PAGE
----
My first attempts at a passable smokey eye looked like a mix between Cleopatra, played by Elizabeth Taylor, and KISS’s Gene Simmons. It was not a pretty sight. Since then, I like to think I’ve learned a couple tricks, or more, that have helped me on achieve this iconic makeup look that every girl should master.

The real money tip is that the whole thing is best broken down in stages. Think of it like building a tower. The top won’t sit well – and can’t even be placed! – without the foundation and the middle bits. I’m not the best at similes, but you get the idea, right?

Without further ado… here are the stages to achieve your perfect smokey eye…

Stage 1: Preparing the foundation.

Start with a clean and primed canvas. That means you do your full skincare routine before starting on your eye makeup. And then use an eye primer that will hold product well. VDL’s Expert Color Primer for Eyes is a great product that is delicate enough for the skin around your eyes.  It helps the colors that come next show up clear and strong, while also preventing them from creasing.

Stage 2: Laying the base.

Find an eye shadow that is one tone apart from your natural skin tone. Many beauty experts suggest something in golden bronze, but a nude shade that goes up a notch or down a notch will work, too. This color should be close enough to your skin tone that you don’t need to be too picky about how you get the job done. Just apply it over the lid of your eye and spread it out all the way almost touching your brow and under and around the bottom of your eye, too. A cream-based eye shadow will help to grab the rest of the colors that are in stages 3 and 4.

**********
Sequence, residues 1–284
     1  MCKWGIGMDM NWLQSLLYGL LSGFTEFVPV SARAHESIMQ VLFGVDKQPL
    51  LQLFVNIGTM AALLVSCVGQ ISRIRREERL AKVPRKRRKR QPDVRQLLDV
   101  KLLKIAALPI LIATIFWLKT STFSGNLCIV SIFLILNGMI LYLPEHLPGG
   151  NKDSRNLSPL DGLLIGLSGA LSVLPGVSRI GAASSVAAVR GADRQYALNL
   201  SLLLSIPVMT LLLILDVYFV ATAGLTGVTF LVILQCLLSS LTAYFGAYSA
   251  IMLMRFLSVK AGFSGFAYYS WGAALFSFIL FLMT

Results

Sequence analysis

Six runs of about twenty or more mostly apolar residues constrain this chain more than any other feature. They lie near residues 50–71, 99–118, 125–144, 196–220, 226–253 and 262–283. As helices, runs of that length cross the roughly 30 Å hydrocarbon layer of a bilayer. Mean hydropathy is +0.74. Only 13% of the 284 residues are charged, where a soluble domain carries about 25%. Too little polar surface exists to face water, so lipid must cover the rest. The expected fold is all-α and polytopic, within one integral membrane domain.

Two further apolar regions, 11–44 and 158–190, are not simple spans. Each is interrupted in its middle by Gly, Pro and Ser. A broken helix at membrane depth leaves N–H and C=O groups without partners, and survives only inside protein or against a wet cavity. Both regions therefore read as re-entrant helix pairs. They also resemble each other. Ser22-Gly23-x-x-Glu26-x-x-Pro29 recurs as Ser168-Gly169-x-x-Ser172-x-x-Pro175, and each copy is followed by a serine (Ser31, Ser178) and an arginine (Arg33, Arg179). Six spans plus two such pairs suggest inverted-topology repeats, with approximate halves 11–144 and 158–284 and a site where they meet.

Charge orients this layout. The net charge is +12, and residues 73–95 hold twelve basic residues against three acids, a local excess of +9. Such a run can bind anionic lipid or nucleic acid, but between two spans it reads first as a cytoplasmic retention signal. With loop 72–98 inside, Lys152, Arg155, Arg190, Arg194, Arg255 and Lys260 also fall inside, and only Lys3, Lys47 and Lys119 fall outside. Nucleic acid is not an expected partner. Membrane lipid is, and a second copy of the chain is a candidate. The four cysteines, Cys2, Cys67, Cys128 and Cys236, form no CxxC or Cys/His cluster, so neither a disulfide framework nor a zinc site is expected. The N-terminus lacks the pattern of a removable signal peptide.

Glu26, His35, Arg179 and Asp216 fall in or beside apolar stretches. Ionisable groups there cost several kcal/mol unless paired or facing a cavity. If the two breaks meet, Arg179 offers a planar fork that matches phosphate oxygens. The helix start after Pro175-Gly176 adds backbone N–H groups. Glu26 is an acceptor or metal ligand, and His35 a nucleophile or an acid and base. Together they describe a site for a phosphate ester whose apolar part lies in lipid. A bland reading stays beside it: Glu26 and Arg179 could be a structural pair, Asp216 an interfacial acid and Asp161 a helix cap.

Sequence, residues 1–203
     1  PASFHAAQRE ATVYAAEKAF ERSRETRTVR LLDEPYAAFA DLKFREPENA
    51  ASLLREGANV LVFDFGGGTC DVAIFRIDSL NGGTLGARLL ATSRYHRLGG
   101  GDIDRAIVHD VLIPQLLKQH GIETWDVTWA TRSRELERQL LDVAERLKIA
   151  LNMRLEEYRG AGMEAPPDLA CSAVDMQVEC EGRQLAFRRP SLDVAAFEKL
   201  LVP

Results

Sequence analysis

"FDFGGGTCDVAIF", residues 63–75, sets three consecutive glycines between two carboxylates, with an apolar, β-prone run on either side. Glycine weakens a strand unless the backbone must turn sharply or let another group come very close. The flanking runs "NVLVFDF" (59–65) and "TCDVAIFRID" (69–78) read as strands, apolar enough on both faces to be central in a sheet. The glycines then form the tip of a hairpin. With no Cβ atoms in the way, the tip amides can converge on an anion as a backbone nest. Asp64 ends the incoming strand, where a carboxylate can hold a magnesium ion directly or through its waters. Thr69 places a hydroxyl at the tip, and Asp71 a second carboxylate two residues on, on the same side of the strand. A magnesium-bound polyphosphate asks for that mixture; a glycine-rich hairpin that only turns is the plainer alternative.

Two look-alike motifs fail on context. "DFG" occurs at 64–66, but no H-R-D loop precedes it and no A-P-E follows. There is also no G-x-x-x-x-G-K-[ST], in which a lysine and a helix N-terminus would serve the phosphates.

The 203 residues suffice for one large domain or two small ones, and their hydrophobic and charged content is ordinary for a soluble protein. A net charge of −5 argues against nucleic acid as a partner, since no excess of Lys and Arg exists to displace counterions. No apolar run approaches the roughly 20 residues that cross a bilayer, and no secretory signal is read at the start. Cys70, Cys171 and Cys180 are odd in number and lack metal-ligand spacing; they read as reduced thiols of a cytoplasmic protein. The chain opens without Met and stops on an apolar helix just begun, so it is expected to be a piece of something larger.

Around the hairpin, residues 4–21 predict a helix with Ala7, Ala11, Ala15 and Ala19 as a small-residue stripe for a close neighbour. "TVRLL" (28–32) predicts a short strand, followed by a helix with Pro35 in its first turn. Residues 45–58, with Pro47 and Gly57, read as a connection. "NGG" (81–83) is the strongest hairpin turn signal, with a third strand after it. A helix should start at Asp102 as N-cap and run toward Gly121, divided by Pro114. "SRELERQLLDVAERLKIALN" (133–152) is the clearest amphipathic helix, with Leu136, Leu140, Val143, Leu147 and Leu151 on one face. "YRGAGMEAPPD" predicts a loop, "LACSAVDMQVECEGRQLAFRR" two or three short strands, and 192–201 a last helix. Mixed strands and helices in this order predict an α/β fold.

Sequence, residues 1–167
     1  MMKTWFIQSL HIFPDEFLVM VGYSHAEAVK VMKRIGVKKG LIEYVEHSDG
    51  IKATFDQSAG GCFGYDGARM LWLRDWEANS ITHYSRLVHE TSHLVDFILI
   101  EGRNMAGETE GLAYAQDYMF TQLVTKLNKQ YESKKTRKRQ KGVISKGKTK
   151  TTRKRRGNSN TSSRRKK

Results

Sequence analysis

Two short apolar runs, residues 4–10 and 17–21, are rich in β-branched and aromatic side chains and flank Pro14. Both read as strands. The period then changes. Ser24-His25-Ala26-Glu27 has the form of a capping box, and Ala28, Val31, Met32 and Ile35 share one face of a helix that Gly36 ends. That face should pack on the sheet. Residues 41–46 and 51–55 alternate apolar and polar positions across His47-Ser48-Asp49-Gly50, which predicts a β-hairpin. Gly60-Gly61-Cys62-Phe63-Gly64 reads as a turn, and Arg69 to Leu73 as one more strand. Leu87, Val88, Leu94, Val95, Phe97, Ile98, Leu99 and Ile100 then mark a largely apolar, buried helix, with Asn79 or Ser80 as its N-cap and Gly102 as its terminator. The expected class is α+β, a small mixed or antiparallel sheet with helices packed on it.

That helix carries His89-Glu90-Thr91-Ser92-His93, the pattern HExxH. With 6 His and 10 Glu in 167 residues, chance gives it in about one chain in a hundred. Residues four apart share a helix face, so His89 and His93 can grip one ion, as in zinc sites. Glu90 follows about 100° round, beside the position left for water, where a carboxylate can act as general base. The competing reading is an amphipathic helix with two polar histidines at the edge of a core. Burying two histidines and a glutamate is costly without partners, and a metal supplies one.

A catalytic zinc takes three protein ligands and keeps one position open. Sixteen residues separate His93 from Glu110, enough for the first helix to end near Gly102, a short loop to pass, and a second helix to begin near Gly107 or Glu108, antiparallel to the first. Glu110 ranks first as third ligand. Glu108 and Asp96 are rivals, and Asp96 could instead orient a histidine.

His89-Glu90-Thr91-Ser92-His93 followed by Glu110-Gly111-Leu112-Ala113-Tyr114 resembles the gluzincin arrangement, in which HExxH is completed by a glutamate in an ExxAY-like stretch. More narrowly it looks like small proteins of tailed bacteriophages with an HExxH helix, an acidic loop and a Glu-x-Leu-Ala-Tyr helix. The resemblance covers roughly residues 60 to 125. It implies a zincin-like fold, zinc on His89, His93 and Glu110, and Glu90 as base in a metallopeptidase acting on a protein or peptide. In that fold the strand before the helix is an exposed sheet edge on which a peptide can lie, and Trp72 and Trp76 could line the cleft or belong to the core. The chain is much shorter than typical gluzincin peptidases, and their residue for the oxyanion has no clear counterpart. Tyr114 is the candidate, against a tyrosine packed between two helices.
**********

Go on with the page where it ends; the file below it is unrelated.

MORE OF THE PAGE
Stage 3: Applying the shimmer.

If you have one of those smokey eye palettes in your makeup kit, then figuring out which color comes next is a breeze. But if you don’t, you’re looking for a color one step bolder and darker than the base color. If you want to use one with a little shimmer here, that can enhance the look a lot. Apply this second color to your eye lid right up to your eye’s fold/crease. Then, with a slanted brush, use a third color that is a tad darker than the second to accentuate the crease and the bottom of your eye. You shouldn’t see lines of where one color meets the next, so make sure to use a smudge brush like this one to help everything blend beautifully. (The right makeup brushes are key here, truly.)

Stage 4: Gilding the lily!

Some people (me!) might consider this the tricky part as the next color is midnight black to outline the immediate eye area. An eyeshadow brush with an angled point is a lot more forgiving than eye pencils, in my experience. But if you have a steadier hand with eyeliner pencils, use what works for you. Draw in the bottom and top eye line and then go back to make it darker (if you want). When in doubt, use eSpoir Pro Intense Spot Makeup Eraser Ad to fix an oopsie.

Finally, I like to use an intense black on my lashes to complete the look. And you’re done!

Last bit of advice that will be your saving grace in a pinch: If something doesn’t look quite right, smudge and then smudge some more. It’s a wonder what good blending can do.

—Emma Jean



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